Alcohol cravings and urges are among the major impediments to alcohol use disorder recovery. They are response patterns that manifest due to mood changes, environmental conditions, stress, and other triggers. While they may appear to come from nowhere, cravings are usually triggered by a feeling, environmental situation, or memory about their past alcohol use. This is why recovery institutions encourage recovering alcoholics to stay away from places, environments, people, and things associated with their alcohol abuse.
An alcohol craving trigger doesn’t always have to be negative; positive emotions like happiness and success can also induce alcohol urges. Cravings can be subjective and personal or general across various groups of people. To successfully fight cravings, remember that they’re time-limited, and they can go away within a short period if you resist them. Below are tips for dealing with alcohol urges and cravings.
1. Seek help
Keeping to yourself regarding your alcohol urges and cravings may cause you to eventually surrender, causing a relapse. However, developing a network of people you can trust to walk with you towards your recovery can be rewarding. You may consider seeking advice and getting treatment from a reputable substance abuse recovery institution or a supportive family and friends’ group.
Seeking rehabilitation and professional detoxification services can also help boost your mental, physical, and emotional health. Alternatively, use medication or join support groups to get help overcoming your alcohol addiction.
2. Know your triggers
Knowing your alcohol triggers helps you effectively predict your cravings. Determining the places, smells, sights, memories, people, social events, and emotions that activate the urge to drink can help you minimize, avoid, or anticipate and find ways to fight them.
The common triggers include places like bars, the people you used to drink with, specific times of the day when you used to drink, and alcohol adverts. Celebrations, vacations, holidays, stress, anxiety, depression, and other negative emotions trigger. Identifying your triggers will help prevent triggers before they occur.
3. Create distractions
Staying idle also contributes to alcohol urges and cravings, mainly if you’ve used alcohol to fight boredom. Keep yourself busy with a range of fun and fulfilling activities to distract you from drinking urges. You can also spend time with friends and family, learn new skills, enjoy your hobbies and participate in outdoor adventures. If you feel the urge to drink, try focusing your attention on things like swimming, running, and sports games that give you pleasure while boosting sobriety.
4. Practice mindfulness and meditation
Mindfulness allows you to purposely focus on the present moment and accept it without judgment to achieve an alert state of focused relaxation. It lets you identify and accept body sensations, emotions, and senses. Meditation and mindfulness also help you cope with cravings for addictive behavior or substances and let them pass. Through practicing mindful meditation, you can cultivate mindfulness and learn how to systematically focus your attention. You can learn how to meditate alone or with the help of a group or an instructor.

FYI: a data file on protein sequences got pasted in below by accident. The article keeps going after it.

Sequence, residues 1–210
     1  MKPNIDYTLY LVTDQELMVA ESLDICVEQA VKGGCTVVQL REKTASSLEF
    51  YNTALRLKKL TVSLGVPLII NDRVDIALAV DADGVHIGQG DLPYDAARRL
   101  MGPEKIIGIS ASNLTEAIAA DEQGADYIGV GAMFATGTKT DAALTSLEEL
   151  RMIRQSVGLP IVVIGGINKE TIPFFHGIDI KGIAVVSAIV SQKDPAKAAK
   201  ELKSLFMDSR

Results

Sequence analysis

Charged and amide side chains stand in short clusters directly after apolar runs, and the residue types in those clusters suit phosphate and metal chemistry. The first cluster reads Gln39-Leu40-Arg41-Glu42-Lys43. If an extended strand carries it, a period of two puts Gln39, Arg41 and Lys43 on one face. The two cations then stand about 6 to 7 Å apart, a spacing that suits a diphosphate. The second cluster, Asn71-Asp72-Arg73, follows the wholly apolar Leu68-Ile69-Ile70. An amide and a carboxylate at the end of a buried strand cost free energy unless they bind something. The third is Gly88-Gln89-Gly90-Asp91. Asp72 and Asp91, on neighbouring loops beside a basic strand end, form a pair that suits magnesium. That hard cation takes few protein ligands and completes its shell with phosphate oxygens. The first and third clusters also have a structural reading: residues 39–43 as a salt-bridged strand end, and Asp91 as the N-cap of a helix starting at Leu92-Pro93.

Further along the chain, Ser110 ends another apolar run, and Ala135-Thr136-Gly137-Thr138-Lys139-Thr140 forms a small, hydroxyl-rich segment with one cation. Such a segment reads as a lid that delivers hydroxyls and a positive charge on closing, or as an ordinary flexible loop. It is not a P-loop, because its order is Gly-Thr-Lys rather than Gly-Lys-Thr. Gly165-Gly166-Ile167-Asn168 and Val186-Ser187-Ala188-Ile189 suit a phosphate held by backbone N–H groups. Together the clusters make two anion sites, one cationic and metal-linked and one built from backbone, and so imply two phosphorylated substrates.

5. Remind yourself about the consequences
Reminding yourself about the consequences of indulging in your cravings can help you control the urge to drink. Continuous alcohol abuse weakens your mental health, making you vulnerable to depression, stress, and anxiety. Letting cravings control you can lead to the loss of relationships you’re trying to rebuild, job, and trust from those close to you. Remind yourself of all the overall health risks and consequences of alcohol intake and determine if it’s worth losing everything you have for the sake of alcohol.
6. Consider exercising
Exercising can be an effective way to deal with cravings. This is because exercises improve your mood and increase anxiety. Exercising not only boosts your willpower but also enhances emotional regulation, helping you fight alcohol drinking urges.
7. Eat food that reduces alcohol craving
If you are a recovering addict, coping with your cravings can be challenging, but the right foods can help. Consider choosing the foods that support brain chemistry, enhance steady blood sugar all day, and boost digestion as they help you manage sobriety. The craving buster foods to choose from are whole grain bread, raw spinach, peanut butter, salmon, plain, organic yogurt, bananas, and walnuts. You may also practice mindful eating to effectively reduce alcohol cravings.
8. Take medication
When you become more alcohol dependent, cravings and withdrawal symptoms become a problem when you try quitting. If you’re recovering from alcohol use disorder, there are approved alcohol craving medications you can take. They include Naltrexone, Acamprosate, and Disulfiram. Alternatively, consider cognitive behavioral therapy to reduce alcohol cravings.
Managing alcohol cravings isn’t easy, and without intention and strong will, you may relapse. Consider using the above tips to deal with alcohol urges and desires.